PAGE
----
Seattle Public Library

I spent 4 hours in the Seattle Public Library that didn’t involve reading! It is a great building, every corner and every level has a different view. You never know what to expect when you turn a corner. The endless yellow escalator is outstanding, and the red administrative floors are breathtaking. Everything is red, the lights, the reflection, the shadows…

For more Seattle Public Library photos visit ArkitecTrue Photos.

It all started with a competition announcement. Twenty-nine major national, international and local firms sought the opportunity to design the new structure. Architects were asked to submit only ideas, not models, for the design of the new $165 million library. The surprise winner was Rem Koolhaas and his Office for Metropolitan Architecture in Rotterdam, in partnership with the Seattle firm of LMN Architects. The iconoclastic Dutch architect had no major buildings built in America when the Library Board selected him over two other finalists, but the board’s choice seemed insightful a year later when Koolhaas was awarded architecture’s highest international honor, the Pritzker Prize.

Instead of drawings and models, the winning team presented a concept book. In it, they wrote: “new libraries don’t reinvent or even modernize the traditional institution; they merely package it in a new way.” Koolhaas sees the new library as a custodian of the book, a showcase for new information, a place for thought, discussion and reflection – a dynamic presence.

His 11-floor, 362,987-square-foot library, a dazzling avant-garde symphony of glass and form, has many innovative features, including:

  • A “Books Spiral” that displays the entire non-fiction collection in a continuous run;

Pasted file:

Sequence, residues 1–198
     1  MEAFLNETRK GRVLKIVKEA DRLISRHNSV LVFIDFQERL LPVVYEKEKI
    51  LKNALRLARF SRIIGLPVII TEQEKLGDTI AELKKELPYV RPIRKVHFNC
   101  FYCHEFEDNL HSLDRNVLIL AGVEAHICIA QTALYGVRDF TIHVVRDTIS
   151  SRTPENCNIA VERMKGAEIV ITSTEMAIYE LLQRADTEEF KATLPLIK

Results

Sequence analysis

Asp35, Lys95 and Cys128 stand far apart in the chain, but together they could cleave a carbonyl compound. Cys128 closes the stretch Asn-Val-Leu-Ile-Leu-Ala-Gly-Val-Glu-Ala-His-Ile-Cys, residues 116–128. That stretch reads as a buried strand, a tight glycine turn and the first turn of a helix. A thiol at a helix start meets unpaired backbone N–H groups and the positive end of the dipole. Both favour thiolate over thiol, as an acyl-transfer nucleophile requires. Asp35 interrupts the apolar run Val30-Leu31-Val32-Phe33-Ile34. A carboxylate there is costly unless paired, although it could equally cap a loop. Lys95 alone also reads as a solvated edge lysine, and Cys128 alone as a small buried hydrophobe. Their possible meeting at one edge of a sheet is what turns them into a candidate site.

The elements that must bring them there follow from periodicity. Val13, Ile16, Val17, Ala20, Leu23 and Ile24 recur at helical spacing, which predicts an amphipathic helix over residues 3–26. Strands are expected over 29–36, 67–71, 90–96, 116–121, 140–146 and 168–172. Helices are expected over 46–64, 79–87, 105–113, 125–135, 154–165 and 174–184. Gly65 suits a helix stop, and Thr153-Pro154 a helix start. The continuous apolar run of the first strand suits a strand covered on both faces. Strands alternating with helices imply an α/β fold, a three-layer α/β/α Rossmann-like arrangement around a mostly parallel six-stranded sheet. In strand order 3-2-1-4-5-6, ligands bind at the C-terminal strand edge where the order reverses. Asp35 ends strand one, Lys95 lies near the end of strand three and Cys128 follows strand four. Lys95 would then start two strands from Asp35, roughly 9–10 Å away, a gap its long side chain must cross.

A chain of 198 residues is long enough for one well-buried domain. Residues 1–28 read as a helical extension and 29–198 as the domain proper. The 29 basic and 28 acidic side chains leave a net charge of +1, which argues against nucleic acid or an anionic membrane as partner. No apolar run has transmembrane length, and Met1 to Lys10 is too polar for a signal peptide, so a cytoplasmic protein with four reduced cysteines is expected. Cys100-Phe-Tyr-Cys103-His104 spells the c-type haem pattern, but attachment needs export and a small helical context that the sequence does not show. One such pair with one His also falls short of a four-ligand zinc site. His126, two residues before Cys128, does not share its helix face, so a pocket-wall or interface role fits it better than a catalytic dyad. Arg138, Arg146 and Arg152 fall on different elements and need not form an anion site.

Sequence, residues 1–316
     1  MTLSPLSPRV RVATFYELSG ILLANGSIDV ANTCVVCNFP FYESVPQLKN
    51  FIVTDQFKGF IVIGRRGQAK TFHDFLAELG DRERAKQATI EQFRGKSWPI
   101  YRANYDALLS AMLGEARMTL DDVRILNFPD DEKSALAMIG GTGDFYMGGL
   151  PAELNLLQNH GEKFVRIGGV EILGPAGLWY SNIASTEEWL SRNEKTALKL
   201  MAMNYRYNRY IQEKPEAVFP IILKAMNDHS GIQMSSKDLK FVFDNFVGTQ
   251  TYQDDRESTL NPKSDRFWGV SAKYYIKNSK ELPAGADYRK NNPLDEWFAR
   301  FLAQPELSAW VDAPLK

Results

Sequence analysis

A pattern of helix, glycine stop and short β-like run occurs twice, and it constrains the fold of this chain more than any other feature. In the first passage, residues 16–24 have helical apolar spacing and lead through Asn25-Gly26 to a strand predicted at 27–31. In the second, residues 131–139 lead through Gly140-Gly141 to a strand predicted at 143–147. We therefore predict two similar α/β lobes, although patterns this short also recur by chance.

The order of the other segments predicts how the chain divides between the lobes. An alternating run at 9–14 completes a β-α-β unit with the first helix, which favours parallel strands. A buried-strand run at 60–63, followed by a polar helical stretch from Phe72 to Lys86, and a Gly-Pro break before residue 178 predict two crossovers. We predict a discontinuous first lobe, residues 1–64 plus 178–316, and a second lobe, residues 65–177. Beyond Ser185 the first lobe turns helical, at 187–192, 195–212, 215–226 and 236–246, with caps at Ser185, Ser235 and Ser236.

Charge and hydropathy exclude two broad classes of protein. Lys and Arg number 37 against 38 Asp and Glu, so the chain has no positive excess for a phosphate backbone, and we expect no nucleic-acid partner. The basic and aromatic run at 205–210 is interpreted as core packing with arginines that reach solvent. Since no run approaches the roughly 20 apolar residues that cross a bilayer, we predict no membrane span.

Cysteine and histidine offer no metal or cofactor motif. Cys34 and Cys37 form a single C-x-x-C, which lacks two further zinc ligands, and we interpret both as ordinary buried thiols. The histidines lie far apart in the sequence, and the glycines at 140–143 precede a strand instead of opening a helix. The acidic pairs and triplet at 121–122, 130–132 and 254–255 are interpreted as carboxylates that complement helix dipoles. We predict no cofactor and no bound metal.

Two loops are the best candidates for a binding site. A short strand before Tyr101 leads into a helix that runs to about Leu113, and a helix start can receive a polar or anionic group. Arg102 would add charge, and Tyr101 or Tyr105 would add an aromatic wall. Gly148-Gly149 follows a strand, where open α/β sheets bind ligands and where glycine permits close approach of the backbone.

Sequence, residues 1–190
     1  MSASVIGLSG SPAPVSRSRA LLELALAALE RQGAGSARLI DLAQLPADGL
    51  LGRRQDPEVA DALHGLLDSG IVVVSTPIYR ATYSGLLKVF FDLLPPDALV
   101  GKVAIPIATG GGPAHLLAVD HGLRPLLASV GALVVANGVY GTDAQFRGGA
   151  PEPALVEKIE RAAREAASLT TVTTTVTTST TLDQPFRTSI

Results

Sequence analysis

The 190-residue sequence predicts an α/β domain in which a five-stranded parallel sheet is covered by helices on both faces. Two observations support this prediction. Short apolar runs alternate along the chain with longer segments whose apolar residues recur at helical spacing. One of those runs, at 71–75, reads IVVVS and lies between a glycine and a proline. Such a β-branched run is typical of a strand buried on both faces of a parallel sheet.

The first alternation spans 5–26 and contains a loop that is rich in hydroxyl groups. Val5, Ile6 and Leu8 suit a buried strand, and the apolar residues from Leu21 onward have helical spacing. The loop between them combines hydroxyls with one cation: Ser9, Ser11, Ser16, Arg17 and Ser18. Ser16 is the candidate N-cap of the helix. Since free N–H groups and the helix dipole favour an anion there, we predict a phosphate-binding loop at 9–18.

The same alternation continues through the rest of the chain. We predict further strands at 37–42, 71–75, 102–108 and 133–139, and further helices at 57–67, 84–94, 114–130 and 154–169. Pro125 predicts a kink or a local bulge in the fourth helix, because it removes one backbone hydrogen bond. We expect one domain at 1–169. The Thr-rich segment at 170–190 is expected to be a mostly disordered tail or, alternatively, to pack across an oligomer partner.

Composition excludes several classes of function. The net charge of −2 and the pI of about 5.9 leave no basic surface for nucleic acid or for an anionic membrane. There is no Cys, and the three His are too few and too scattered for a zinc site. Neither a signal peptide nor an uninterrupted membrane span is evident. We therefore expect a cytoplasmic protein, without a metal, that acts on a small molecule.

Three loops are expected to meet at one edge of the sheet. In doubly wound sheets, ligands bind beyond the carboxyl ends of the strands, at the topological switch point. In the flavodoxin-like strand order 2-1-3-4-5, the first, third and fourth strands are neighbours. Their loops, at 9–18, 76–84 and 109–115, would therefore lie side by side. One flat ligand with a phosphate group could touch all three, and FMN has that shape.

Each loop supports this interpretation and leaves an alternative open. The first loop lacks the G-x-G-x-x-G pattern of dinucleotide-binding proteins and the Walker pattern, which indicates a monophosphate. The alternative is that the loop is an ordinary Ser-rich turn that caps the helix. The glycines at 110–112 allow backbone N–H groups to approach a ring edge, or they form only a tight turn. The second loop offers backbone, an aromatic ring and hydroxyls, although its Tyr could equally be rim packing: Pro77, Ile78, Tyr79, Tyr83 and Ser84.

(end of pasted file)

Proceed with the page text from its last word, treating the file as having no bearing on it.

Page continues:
• A towering “living room” along Fifth Avenue that reaches 50 feet in height;
  • A distinctive diamond-shaped exterior skin of glass and steel.

The new Central Library’s unorthodox shape, unlike any other building in Seattle, is the result of its use of five platform areas to reflect different aspects of the library’s program; its form indeed follows its function. It includes a 275-seat auditorium and parking for 143 vehicles.

The floating effect seen outside has been achieved inside by leaving the platforms unsupported at the corners. “The goal of the architects,” says Jay Taylor, of the structural engineering firm Magnusson Klemencic Associates, “was to minimize the number of columns along the edges to make the platforms appear floating.” With columns pulled back from the corners, the cantilevering provides structural efficiency, reducing load stresses along the middle of deep box trusses that run around the perimeter of each platform.

The all-glass walls of the library posed the challenge of protecting the books and visitors from direct sunlight. Expanded-aluminum mesh sandwiched between plates of insulated glass deflects 90 percent of direct sunlight while retaining clear views. Areas of the building that are not exposed to direct sun did not need the mesh and were left clear.

The new Central Library opened May 23, 2004, and immediately prompted international interest.

Leave a Reply